When Steve Jobs unleashed the iPod and the iPhone upon the world, many thought they were revolutionary. His third creation, the iPad, received a lukewarm reception. Yet, in all probability, this will be the product that will change the world of technology much more than Apple’s previous two products.
Though in the last two decades our lives changed because of the personal computer, we haven’t been able to establish an emotional connect with it. For years consumers have been struggling to understand why using a computer is so tough. Think about the oddity called “computer literacy”. There is no refrigerator literacy, microwave literacy, or LCD TV literacy.
The tablet format of computers is the way computing was meant to be done. No wires, no delay in starting up, always connected to the Internet, touch-based — the tablet is the future. It puts the “personal” back into the computer. This is possible because Internet connectivity is much more reliable and a lot of applications are migrating to the cloud. All that data and logic is lying on a faraway computer; all you need is a small device to access it.
We believe this format of computing is important because it will affect our lives. This transformation will take time, but it will happen. We have put together an interesting collection of stories that will explain why the tablet is getting acceptance from a diverse bunch of people: A technophobic CEO, a consumer goods Leviathan, and a Haiku of a restaurant in Sri Lanka. We capture another interesting trend on the democratisation of software development. The powerful yet simple platforms offered by Apple, Google and Microsoft means garage outfits are developing small computer programs and making money. The tablet may be a tiny device but it has consumed the time and efforts of one-fifth of Forbes India’s editorial staff for a fairly long period of time! We liked the effort. We hope you enjoy the outcome.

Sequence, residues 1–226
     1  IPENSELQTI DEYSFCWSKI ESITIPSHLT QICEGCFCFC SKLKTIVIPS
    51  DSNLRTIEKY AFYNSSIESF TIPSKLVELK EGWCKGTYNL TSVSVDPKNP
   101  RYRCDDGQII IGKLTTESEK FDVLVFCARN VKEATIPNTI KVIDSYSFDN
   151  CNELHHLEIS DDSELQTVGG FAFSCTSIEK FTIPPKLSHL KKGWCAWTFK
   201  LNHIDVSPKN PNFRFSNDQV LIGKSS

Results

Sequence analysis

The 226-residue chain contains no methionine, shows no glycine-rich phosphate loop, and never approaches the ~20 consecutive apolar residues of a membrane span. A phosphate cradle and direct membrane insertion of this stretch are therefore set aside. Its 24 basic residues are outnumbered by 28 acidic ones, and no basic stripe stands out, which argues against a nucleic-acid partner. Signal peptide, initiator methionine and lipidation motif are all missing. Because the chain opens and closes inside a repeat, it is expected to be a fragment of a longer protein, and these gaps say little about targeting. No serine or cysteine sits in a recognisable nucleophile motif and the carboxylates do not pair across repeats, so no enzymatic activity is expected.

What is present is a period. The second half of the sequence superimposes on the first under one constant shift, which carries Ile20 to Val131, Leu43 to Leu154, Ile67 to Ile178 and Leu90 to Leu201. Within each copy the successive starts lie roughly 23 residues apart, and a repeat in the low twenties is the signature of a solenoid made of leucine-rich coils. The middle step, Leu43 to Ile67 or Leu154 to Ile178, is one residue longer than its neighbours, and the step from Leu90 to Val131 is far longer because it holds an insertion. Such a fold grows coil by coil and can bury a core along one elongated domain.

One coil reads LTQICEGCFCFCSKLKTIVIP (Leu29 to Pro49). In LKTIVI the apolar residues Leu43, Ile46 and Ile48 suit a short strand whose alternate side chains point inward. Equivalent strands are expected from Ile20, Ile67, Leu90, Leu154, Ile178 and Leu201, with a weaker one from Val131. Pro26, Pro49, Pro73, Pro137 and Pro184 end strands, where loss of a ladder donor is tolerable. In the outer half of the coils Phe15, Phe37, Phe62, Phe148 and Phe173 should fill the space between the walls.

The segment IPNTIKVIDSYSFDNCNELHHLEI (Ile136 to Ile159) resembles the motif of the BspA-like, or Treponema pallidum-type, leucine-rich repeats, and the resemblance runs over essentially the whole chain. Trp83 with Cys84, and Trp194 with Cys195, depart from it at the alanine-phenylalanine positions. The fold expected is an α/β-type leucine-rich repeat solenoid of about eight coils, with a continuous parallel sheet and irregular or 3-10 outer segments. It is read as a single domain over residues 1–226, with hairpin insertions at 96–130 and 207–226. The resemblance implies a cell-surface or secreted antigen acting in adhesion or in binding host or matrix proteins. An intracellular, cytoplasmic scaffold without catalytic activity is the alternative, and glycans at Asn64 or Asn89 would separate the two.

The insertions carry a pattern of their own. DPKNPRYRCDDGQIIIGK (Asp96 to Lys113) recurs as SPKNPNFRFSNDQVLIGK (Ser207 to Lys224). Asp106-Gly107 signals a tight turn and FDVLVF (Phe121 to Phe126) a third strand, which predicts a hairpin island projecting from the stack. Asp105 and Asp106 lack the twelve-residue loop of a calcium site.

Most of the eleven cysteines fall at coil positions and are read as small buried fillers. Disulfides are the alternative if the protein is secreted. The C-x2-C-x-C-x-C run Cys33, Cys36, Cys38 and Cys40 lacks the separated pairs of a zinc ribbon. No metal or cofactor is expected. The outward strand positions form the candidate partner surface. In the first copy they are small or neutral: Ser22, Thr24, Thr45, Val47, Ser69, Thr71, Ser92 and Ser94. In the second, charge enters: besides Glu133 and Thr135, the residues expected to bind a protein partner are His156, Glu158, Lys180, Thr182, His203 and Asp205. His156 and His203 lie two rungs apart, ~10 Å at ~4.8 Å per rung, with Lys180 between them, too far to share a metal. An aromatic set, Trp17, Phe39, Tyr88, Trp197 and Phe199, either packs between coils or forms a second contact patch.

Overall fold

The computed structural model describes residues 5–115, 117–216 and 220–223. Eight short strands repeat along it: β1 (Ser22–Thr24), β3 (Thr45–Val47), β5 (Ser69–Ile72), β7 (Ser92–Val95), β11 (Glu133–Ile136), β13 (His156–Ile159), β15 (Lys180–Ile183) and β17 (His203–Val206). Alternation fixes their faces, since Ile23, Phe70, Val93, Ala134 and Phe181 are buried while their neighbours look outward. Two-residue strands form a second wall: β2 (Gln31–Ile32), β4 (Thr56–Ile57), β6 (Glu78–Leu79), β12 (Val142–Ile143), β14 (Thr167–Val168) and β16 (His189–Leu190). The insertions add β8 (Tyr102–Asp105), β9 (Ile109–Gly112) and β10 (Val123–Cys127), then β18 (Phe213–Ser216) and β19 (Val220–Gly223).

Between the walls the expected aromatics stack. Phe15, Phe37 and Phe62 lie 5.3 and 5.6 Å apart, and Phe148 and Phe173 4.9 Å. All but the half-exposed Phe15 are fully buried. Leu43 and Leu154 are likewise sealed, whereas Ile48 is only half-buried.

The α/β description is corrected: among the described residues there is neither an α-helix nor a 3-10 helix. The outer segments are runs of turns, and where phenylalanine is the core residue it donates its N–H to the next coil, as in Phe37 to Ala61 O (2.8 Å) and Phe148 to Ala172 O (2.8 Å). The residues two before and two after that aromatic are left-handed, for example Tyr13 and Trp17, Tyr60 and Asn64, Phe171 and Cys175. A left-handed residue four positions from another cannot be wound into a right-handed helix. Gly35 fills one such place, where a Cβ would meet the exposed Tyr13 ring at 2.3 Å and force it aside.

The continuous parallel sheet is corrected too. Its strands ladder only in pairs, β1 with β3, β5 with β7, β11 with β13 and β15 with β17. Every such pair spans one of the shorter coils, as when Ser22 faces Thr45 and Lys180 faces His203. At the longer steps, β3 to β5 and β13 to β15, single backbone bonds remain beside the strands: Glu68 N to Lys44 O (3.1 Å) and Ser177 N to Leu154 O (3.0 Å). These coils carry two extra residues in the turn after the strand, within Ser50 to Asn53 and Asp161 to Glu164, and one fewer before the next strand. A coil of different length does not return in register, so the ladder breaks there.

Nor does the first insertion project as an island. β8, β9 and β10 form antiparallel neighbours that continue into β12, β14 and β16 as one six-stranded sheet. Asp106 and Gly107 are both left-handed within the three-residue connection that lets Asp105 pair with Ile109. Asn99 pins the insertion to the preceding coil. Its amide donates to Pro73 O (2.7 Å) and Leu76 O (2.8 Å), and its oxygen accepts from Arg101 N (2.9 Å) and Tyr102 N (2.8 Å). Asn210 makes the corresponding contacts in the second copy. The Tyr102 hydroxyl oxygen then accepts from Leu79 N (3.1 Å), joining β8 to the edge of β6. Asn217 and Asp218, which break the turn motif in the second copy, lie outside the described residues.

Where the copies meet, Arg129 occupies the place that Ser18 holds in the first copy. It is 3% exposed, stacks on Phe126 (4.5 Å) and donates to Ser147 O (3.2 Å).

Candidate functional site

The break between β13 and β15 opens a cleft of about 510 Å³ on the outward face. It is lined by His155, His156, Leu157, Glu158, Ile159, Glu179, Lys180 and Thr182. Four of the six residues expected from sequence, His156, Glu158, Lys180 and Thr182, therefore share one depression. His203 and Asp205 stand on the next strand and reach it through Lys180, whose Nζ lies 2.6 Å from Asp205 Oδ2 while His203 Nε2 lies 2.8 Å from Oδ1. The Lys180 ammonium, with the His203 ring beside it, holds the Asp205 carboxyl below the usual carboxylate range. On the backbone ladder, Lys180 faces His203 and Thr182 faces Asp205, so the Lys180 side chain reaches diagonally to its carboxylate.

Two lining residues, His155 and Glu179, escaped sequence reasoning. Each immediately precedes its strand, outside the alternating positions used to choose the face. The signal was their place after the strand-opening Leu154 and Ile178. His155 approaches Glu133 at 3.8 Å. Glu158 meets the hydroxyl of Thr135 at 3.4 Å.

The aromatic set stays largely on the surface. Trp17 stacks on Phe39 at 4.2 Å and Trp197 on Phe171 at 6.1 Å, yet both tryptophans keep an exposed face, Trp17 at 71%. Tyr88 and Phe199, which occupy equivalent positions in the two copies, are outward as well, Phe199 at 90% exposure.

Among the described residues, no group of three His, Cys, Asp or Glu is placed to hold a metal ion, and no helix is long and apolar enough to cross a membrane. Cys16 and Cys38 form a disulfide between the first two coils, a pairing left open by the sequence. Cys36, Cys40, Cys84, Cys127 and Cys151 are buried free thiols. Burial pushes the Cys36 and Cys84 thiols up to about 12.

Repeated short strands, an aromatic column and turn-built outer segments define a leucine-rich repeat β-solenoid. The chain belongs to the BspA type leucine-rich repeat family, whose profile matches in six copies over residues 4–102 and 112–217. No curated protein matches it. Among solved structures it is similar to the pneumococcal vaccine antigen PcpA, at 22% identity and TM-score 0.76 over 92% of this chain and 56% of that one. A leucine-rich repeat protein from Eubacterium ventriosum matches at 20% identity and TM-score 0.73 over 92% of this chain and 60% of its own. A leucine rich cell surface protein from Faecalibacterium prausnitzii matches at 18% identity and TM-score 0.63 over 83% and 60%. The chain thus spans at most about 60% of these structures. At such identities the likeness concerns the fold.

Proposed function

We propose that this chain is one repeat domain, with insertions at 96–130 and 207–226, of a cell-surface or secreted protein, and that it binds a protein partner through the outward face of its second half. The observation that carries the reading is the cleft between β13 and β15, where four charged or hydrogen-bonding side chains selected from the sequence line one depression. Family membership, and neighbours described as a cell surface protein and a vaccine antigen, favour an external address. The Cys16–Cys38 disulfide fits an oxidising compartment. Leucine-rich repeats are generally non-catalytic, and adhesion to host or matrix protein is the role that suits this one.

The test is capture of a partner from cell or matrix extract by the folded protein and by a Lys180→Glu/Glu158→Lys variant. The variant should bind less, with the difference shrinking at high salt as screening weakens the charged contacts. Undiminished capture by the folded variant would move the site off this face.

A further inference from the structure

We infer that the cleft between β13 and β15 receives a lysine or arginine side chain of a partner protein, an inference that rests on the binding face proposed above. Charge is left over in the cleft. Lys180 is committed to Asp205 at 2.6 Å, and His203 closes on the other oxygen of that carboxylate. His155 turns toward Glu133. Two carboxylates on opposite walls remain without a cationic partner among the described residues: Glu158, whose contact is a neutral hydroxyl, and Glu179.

Don’t go away. We have much more in store. We have a nice story about collaboration between competitors. Prince Mathews Thomas and Cuckoo Paul tell us why the steel industry is uniting to bid for raw material assets abroad. In a cogent piece, Mitu Jayashankar describes why Mohandas Pai left Infosys and what his departure tells us about the company. And Seema Singh’s story on how a pragmatic bureaucrat is helping create a biotechnology cluster near Delhi with promising companies is a must-read.
Make sure you have your copy of Forbes India close at hand on Easter Sunday!
(This story appears in the 06 May, 2011 issue of Forbes India. You can buy our tablet version from Magzter.com. To visit our Archives, click here.)